BROWNSVILLE — The border sheriff’s departments of Cameron and El Paso counties will be the first to get their hands on “biometric” identification technology.
The technology combines iris-scanning with fingerprint- and facial-recognition capabilities, with the goal of increasing border security and weeding out criminals.
Obtaining this was part of a partnership approved by the Southwestern Border Sheriff’s Coalition at a a recent meeting in Austin.
Following a presentation by BI2 Technologies President Sean Mullin, the SBSC’s membership voted unanimously for the deal to equip all 31 U.S. sheriff’s departments along the U.S.-Mexico border with the technology.
Cameron County Sheriff Omar Lucio said he was impressed by Mullin’s presentation and jumped at the chance to implement Massachusetts-based BI2’s IRIS technology on a pilot basis.
He said the system will be installed at department headquarters and used in the intake/booking process, and may eventually be used in the field with handheld scanning devices.
The system will give the department instant access to national, state and local law-enforcement and criminal-justice databases.
Lucio said it’s not unusual for people caught entering the United States illegally from Mexico to give fake names and dates of birth.
Once they’re in the IRIS system, however, they won’t be able to conceal their true identities or arrest histories, he said.
“Once we scan them I don’t care what name they give you, we’re going to find out if they have an arrest record and when and where they were arrested,” Lucio said. “It’s just a great tool for law enforcement. It really helps in the long run. We’re really excited about it and looking forward to start working with it.”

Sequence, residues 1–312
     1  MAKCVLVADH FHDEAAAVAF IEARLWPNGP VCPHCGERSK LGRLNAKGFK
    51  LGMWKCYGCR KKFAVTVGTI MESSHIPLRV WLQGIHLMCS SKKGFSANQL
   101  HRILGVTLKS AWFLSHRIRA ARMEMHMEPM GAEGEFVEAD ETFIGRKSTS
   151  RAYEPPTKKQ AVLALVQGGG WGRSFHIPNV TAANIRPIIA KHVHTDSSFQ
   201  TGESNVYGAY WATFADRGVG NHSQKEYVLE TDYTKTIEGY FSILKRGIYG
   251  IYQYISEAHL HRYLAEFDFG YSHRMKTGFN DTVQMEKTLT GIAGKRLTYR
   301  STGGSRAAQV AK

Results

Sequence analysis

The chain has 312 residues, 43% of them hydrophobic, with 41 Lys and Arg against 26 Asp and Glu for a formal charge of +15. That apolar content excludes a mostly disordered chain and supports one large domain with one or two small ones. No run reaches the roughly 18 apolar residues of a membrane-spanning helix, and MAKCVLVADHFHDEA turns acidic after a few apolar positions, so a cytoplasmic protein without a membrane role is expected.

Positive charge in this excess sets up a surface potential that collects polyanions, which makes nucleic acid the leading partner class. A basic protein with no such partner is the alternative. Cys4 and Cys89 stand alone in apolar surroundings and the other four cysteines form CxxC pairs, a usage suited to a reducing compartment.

BI2 is providing the system free to the Cameron County and El Paso County sheriff’s departments for three years, and is seeking federal funds to cover the complete rollout. The cost is $2,500 per device each year.
“We don’t have to pay anything for it, which is great,” Lucio said.
Lawrence “Larry” Guerra, SBSC executive director, said the technology should be installed and operational in the first two counties by April 24, noting that it’s compatible with the records-management systems used by most sheriff’s departments.
“I don’t think we can go wrong with that technology,” Guerra said. “It’s just an additional tool to keep our communities safe.”